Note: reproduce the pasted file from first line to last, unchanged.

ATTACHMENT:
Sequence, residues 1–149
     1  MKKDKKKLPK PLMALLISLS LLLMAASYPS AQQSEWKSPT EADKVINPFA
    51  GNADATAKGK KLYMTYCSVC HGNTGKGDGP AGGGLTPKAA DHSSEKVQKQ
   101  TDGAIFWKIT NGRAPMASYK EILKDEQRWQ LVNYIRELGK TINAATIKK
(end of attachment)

Sequence, residues 1–149
     1  MKKDKKKLPK PLMALLISLS LLLMAASYPS AQQSEWKSPT EADKVINPFA
    51  GNADATAKGK KLYMTYCSVC HGNTGKGDGP AGGGLTPKAA DHSSEKVQKQ
   101  TDGAIFWKIT NGRAPMASYK EILKDEQRWQ LVNYIRELGK TINAATIKK